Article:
Why vitamins are important for kids and when to give supplementary vitamins.
Most parents complain about their children being a picky eater or not eating healthy at all. It might seem a constant struggle to ensure that your kids are eating right and getting all the vitamins and minerals necessary for their proper growth. The easiest way to ensure that, is to make sure your child is eating from the five food groups – fruits, vegetables, dairy products, grain food and meat, fish, egg, etc. If you cannot ensure a balanced intake of vitamins and minerals for your kids, you should try our supplements with trustworthy softgel manufacturing equipment and ingredients. Let’s read on and find out more about vitamins for your kids!
Vitamins and growth in children
There is a direct correlation between vitamins, growth, and age. For instance, a lack of vitamin D can stunt your child’s growth. The number of vitamins required by children might vary depending on age. As your child grows, you need to adjust their vitamin intake to keep their growth on the right track.
Vitamins vital for kids’ growth
Some vitamins and minerals are vital for every child’s overall wellbeing. To start you off, we have prepared a list of vitamins important for kids:
Vitamin A is vital for bone structure, healthy skin, and the immune system. As a rule of thumb, most of the yellow foods contain vitamin A. You can get vitamin A from carrots, cheese, eggs, and milk. Babies and young children need to get the required amount of vitamin A.
Young children and breastfed babies should be given vitamin D as a supplement. Vitamin D deficiency can lead to bone disease and rickets. Our bodies create vitamin D from direct sunlight on our skin when we are outdoors. Oily fish, egg yolk, and butter also contain a small amount of vitamin D.
Citrus fruits like kiwi, strawberries and oranges, tomatoes and many vegetables are a good source of vitamin C. Vitamin C helps fight infection by building collagen. It also helps to absorb iron and build up the immune system. Cooking might reduce the effect of vitamin C in vegetables.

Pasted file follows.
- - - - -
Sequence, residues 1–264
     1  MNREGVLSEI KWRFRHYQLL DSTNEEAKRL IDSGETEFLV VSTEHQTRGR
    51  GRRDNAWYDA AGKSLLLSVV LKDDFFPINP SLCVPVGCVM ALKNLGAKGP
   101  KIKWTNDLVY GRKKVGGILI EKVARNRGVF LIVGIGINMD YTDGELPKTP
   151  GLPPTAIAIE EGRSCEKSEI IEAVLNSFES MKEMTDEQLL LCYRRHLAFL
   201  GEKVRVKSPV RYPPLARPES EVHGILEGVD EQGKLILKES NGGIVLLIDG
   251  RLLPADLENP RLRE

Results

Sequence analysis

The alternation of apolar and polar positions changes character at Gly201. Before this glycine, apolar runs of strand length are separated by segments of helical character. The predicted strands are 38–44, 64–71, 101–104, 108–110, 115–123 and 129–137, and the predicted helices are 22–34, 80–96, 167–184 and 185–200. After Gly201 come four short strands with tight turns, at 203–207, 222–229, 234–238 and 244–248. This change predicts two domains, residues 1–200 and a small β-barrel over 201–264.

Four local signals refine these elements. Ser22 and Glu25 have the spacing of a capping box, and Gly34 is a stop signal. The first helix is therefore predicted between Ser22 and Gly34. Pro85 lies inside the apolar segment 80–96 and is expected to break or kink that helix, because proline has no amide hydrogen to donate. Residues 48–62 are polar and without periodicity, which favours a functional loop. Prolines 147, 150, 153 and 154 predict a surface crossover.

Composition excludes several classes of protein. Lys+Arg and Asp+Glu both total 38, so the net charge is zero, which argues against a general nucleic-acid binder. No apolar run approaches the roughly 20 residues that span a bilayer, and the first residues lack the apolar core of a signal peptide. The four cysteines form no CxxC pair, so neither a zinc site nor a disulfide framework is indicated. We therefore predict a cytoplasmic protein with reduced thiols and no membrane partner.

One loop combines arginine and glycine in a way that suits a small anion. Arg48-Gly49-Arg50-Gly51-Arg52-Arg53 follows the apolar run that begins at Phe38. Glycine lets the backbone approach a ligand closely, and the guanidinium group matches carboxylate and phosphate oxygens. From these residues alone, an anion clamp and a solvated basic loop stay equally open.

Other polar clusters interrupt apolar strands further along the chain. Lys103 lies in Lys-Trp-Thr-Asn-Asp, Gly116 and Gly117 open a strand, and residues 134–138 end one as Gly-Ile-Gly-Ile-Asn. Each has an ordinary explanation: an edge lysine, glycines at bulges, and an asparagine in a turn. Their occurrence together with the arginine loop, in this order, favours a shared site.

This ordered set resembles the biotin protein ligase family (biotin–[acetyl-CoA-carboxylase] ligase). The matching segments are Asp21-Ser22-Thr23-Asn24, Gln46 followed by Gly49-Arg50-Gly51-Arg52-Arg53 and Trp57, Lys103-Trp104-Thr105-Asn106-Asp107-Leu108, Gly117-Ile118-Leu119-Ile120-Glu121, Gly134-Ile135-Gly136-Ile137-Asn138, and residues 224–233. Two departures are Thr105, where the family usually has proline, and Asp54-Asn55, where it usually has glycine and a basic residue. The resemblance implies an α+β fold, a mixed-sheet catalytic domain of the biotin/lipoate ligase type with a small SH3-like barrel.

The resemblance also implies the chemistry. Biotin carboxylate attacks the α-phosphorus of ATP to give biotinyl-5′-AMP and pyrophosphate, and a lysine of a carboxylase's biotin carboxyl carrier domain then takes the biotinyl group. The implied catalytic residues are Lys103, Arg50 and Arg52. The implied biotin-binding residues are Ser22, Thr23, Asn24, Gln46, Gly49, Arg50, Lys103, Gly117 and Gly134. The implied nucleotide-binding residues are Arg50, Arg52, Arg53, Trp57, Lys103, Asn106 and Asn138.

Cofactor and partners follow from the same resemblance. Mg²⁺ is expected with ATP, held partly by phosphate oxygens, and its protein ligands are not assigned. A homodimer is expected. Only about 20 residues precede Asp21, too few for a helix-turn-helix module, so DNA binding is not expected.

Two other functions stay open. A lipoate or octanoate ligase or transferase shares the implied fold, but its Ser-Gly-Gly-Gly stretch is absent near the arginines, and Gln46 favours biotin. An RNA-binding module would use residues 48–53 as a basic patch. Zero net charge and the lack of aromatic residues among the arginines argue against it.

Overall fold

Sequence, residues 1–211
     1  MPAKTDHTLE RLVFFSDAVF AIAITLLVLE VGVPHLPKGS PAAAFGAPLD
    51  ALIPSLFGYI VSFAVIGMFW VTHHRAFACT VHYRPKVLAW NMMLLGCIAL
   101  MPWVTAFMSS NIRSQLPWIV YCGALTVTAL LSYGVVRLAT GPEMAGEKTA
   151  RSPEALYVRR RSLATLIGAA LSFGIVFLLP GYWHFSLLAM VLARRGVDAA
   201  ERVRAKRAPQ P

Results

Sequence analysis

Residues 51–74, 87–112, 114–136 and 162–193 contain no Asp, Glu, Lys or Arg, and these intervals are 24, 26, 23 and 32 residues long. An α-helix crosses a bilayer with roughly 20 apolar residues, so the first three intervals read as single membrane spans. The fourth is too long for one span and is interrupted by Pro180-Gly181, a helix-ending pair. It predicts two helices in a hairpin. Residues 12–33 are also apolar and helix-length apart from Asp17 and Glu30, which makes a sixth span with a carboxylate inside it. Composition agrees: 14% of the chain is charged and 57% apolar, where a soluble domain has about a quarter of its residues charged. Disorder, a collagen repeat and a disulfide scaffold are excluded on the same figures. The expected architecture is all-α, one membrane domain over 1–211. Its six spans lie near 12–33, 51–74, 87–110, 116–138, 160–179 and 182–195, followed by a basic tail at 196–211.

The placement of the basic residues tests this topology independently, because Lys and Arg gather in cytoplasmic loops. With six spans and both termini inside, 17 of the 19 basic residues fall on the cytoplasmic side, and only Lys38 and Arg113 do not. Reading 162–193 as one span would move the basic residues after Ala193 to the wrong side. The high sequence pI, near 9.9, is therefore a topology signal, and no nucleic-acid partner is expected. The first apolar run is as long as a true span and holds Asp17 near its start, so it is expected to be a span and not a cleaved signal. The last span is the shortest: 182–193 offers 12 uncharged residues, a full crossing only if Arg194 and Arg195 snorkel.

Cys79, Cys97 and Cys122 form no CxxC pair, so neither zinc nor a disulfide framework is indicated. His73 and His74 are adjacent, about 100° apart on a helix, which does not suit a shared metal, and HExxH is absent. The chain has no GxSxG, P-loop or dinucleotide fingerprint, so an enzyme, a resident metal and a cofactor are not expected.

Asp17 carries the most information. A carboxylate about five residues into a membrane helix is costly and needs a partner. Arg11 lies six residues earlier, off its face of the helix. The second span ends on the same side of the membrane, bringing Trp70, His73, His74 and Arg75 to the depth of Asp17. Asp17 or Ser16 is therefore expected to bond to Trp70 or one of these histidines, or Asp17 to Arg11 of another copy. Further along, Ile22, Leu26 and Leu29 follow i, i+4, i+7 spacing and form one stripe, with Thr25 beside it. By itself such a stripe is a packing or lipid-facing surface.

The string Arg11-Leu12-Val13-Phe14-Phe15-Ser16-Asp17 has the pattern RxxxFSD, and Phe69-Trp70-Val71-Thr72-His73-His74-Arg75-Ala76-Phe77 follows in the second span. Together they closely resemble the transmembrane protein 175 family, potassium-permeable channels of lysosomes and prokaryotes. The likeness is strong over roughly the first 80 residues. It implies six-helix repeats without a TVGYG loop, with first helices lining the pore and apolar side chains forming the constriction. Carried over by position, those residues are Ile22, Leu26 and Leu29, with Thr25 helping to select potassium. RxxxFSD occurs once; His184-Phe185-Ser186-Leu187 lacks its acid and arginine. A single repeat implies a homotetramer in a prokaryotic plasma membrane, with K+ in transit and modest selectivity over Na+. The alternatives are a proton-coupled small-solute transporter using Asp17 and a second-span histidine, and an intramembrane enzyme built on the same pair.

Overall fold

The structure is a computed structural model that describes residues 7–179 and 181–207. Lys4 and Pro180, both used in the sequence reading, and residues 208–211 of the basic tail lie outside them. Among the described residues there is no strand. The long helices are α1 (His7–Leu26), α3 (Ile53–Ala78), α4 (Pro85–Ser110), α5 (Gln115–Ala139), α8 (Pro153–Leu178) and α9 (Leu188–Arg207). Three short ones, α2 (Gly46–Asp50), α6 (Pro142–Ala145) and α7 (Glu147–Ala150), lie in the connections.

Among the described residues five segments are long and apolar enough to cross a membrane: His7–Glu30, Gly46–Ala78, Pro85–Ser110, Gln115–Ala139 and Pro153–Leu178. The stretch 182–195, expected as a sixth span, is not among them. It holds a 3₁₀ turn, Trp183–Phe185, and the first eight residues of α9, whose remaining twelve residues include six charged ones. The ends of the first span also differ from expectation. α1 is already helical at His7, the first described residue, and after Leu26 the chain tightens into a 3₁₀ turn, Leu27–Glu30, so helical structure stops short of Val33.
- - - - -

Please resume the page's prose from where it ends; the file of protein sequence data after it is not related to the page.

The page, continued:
Meat, cheese, fish, nuts, eggs, and milk contain vitamin B. Vitamin B has subgroups like B1, B2, B3, B6, B12 that have different effects on the body. For example, vitamin B12 promotes growth and produces red blood cells. Vitamin B2 and B3 extracts energy from our foods.
When to consider supplementary vitamins for your kids
In general, kids maintaining a healthy diet with grains, greens, dairy, and protein do not require supplementary vitamins. However, there are some exceptions, for example for kids with pre-existing conditions, deficiencies or with an unusual diet:
Supplementary vitamins for children with ASD
Supplementary vitamins can suppress some of the symptoms of autism. A magnesium supplement for autism can ease symptoms like hyperactivity and impulsive behaviour. Supplements can also be helpful for kids who prefer food with a certain texture, colour, or taste. With careful observation of your child’s eating habits you can map out their supplementary needs.
Vitamins for kids on a vegan diet
Kids who follow a vegan diet might miss out on some important nutrients, such as vitamin B12, which is found in animal protein. Kids can experience deficiencies if these vitamins are not supplemented. Children on a vegan diet will therefore need additional vitamins to make up for any nutritional loss. Carefully planning a diet with foods and supplements can ensure proper growth for your kid.